by Karl Bracher
foreword by Abbott Gleason
translated by Thomas Dunlap
Harvard University Press, 1995
Paper: 978-0-674-91354-7 | Cloth: 978-0-674-91353-0
Library of Congress Classification DD237.B6713 1995
Dewey Decimal Classification 943.08


Turning Points in Modern Times focuses on events after 1917: the rise of Nazism on the Right and authoritarianism on the Left. Bracher provides an incisive framework for understanding the great ideological confrontation of this century--democracy versus totalitarianism in the forms of fascism, Nazism, and communism. His analysis of the outcomes underscores the significance and power of democratic values and governments.

The doyen of German political history, Karl Dietrich Bracher extends the argument against dictatorship that runs through his life's work, offers a blueprint for dealing with the recent past of the communist East German State (DDR), looks at the true facts of the Stasi collaboration, and challenges misperceptions of Hitler, Stalin, and others. He demonstrates the kinship between fascism and communism, considers Weimar and liberalism, assesses the legacy of Nazism, and outlines the ethos of democracy. In all this Bracher exposes the twentieth-century threats to the democratic state so that they can never again subvert representative government.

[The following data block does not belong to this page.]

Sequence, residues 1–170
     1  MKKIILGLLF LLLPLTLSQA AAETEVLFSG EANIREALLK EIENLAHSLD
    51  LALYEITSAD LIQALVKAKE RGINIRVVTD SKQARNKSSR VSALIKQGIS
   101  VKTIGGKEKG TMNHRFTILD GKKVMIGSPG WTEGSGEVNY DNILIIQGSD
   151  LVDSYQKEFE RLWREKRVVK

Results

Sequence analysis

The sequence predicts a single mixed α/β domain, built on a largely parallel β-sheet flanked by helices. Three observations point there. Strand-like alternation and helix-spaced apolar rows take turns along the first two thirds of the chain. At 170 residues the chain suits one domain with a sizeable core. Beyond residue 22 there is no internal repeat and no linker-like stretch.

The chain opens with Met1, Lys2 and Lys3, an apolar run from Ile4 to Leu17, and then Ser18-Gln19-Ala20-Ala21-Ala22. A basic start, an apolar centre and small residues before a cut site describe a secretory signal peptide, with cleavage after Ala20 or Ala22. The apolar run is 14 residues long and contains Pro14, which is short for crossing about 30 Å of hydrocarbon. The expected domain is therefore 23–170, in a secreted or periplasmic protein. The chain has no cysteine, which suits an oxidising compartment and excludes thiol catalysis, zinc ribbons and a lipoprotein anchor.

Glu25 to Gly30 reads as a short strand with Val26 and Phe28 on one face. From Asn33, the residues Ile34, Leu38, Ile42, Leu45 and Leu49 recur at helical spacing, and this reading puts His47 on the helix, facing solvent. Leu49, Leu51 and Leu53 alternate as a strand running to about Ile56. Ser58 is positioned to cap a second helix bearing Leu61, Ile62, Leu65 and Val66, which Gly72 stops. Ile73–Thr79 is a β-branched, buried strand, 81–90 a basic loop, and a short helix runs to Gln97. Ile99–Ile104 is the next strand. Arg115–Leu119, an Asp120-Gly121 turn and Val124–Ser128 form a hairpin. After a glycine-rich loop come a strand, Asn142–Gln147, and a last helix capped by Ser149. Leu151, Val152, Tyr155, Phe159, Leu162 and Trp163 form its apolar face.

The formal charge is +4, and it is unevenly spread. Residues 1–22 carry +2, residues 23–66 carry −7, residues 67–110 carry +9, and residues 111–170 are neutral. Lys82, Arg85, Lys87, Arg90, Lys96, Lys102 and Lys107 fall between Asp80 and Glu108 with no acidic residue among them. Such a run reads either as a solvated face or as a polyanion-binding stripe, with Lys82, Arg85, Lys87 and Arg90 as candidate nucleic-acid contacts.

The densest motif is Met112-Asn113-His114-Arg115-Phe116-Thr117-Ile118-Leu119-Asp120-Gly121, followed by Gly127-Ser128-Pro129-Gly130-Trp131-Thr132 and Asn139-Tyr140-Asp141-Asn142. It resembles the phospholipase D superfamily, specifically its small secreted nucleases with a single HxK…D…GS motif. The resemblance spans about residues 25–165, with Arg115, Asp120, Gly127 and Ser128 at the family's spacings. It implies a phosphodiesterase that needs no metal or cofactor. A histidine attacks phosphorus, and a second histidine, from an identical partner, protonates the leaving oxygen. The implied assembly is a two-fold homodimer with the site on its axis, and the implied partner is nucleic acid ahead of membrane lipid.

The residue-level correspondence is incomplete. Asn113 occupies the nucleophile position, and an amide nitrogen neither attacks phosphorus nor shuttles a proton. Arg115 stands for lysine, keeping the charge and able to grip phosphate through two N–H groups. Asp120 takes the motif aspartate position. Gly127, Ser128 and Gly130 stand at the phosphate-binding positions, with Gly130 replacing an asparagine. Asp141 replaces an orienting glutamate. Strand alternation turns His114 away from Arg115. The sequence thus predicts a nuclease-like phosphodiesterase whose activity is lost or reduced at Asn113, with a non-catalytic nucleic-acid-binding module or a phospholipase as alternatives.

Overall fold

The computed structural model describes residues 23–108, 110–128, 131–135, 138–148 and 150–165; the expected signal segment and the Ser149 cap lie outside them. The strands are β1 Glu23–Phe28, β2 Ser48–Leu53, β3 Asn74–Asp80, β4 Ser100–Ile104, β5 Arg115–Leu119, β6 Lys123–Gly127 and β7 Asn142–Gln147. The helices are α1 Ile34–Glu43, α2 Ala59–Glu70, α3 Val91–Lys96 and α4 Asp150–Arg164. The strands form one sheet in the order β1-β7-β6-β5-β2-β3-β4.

A founder of the new history of Germany, which considers the larger context for Hitler and illuminates events through the theories of social science and the values of liberalism and democracy, Bracher writes in the tradition of Acton, Burckhardt, Croce, and Dahrendorf. This is a vital history lesson for our turbulent times, when once more democracy is on the march after a twilight century.

See other books on: Dunlap, Thomas | European History | German | History, Modern | Modern Times
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